April 18th, 2024 11 Minute Read Issue Brief by Jesse Arm

Polling NYC Survey Analysis of 2025 Likely Mayoral Voters on Politics, Crime, Migrants, and Electoral Reform

Between April 8th and 11th of 2024, the Manhattan Institute polled a representative sample of 700 likely voters in New York City’s 2025 mayoral election on their feelings about elected leaders, upcoming political contests, the state of the city, public safety, immigration, and various electoral reform proposals.

The survey was drawn from the New York state voter file and then weighted to match the population in gender, age, college education, partisanship, race, and county. Responses were collected using mixed methods, including live landline calls (20%), live cell calls (30%), and SMS-to-web (50%). The poll’s margin of error is 3.7%.

The results suggest an extremely challenging climate for Mayor Eric Adams. There is broad consensus—across party and demographic lines—among Gotham’s likely electorate that crime persists as a major problem, inflows of migrants are cause for concern, the mayor’s job performance is unsatisfactory, and the city is headed in the wrong direction. New Yorkers say they want political change—not only in terms of individual leaders, but also in the structure of the city’s electoral system.

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Political Picture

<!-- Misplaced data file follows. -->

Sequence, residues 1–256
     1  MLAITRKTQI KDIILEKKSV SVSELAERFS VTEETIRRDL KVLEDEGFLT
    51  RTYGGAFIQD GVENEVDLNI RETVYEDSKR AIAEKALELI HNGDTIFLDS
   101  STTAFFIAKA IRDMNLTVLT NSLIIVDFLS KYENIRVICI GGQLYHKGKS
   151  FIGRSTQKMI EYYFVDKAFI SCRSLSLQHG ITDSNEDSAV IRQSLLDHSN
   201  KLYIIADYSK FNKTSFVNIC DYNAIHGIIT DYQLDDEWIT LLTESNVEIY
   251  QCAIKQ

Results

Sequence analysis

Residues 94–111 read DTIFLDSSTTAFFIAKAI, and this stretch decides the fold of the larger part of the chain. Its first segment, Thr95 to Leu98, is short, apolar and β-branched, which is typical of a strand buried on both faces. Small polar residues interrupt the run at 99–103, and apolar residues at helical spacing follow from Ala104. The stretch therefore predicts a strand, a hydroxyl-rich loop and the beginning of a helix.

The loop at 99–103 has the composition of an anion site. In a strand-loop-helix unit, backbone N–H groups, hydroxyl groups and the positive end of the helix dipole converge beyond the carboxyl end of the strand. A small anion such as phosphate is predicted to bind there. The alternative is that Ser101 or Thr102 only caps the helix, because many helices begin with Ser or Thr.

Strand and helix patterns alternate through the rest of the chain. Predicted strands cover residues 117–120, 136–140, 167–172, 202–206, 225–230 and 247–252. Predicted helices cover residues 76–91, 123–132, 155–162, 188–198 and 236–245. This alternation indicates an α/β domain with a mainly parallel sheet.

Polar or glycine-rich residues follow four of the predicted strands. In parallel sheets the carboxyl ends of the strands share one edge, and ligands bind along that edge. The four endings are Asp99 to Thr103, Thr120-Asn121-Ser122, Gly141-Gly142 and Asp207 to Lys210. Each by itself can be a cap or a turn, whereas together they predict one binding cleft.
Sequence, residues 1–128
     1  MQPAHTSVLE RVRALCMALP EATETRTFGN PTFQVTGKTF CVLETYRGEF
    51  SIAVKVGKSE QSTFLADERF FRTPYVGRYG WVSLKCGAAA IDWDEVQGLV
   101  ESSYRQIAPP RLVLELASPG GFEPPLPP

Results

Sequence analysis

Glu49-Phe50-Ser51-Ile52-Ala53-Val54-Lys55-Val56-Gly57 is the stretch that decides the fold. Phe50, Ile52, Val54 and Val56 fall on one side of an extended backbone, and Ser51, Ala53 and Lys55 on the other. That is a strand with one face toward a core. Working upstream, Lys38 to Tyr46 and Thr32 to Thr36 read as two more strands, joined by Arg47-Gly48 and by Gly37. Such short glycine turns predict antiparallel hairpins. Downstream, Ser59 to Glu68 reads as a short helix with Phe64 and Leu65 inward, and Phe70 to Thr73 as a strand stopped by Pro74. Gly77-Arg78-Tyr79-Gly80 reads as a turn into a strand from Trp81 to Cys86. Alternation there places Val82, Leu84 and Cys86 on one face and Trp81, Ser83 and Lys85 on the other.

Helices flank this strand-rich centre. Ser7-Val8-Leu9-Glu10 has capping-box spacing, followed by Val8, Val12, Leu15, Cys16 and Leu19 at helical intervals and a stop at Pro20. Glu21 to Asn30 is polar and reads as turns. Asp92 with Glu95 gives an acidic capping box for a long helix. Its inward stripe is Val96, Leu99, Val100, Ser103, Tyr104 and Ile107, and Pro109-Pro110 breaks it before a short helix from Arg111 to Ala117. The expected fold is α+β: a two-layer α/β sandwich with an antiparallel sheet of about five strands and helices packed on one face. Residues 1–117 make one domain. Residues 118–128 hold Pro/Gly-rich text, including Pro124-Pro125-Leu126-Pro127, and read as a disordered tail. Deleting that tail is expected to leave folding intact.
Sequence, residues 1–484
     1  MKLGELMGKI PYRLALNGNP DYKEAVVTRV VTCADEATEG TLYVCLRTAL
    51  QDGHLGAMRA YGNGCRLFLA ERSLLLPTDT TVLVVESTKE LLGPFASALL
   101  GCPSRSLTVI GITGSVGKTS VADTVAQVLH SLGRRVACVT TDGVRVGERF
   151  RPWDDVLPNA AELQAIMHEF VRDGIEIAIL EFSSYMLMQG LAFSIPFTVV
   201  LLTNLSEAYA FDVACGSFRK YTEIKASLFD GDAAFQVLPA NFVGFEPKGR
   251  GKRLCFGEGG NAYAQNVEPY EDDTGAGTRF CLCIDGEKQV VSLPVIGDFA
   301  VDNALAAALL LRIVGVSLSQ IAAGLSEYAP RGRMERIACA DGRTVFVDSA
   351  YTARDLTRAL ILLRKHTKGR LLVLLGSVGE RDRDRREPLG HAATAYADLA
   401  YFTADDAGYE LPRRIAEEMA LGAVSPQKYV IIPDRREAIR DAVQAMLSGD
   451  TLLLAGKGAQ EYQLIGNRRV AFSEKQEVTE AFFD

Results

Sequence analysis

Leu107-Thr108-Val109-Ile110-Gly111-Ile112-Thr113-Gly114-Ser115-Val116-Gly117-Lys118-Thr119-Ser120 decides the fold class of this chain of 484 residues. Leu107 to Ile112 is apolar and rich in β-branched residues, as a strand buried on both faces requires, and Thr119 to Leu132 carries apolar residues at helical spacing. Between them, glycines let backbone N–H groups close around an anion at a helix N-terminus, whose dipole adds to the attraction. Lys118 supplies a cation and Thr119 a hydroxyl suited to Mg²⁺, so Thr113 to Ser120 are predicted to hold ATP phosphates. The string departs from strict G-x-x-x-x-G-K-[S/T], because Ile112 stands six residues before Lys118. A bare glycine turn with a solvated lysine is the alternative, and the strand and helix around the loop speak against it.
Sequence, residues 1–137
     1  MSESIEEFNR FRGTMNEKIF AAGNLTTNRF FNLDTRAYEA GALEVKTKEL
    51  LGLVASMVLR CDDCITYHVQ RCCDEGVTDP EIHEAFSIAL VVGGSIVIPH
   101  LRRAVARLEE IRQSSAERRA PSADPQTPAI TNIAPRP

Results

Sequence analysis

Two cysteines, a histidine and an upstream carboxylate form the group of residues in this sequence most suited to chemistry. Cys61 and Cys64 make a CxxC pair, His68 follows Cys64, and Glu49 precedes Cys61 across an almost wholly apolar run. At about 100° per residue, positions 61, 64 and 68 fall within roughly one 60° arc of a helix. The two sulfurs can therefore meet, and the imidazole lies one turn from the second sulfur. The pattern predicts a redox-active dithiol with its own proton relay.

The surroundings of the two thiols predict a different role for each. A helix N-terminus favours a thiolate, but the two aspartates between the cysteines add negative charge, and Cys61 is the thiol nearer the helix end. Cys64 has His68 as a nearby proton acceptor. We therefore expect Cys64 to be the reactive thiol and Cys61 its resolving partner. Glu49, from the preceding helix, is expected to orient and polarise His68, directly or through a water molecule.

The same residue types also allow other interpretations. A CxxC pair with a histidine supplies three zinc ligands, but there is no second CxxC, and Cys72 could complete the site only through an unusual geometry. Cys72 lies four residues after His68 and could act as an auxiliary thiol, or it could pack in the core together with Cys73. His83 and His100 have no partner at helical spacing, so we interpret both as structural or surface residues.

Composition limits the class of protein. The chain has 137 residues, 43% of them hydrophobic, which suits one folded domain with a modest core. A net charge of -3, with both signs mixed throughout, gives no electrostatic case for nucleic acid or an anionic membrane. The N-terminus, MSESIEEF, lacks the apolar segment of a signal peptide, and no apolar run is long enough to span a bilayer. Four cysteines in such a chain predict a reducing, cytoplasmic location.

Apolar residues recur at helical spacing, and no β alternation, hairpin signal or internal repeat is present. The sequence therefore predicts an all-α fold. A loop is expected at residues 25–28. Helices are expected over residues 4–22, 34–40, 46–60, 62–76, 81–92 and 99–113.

Mayor Eric Adams is in dire political straits. Asked whom they would vote for in the next mayoral election, only 16% of NYC likely voters choose Adams, with two-thirds saying they would vote for someone else (Figure 1). The mayor’s job approval rating is also extremely poor, coming in at 24%. Only 4% of likely voters in the city strongly approve of the mayor’s job performance, while 73% disapprove (Figure 2).

Figure 1

Figure 2

The mayor’s approval numbers are below 20% with independents, at only 30% among Democrats. His approval rating is just 9% with 18–29-year-olds. In all five of the city’s boroughs, likely voters overwhelmingly disapprove of Adams’s job performance. Even in his strongest demographic, black voters, Adams’s approval rating is net negative. Among the New Yorkers who will decide the 2025 NYC mayoral election, Adams is viewed even less favorably than former President Donald Trump (Figure 3).